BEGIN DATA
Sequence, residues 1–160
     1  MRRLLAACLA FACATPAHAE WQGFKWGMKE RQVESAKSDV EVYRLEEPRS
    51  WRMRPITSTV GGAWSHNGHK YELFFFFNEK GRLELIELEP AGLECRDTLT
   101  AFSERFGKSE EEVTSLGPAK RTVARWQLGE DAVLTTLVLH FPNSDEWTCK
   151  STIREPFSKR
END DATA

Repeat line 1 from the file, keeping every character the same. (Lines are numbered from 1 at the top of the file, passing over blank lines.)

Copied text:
Sequence, residues 1–160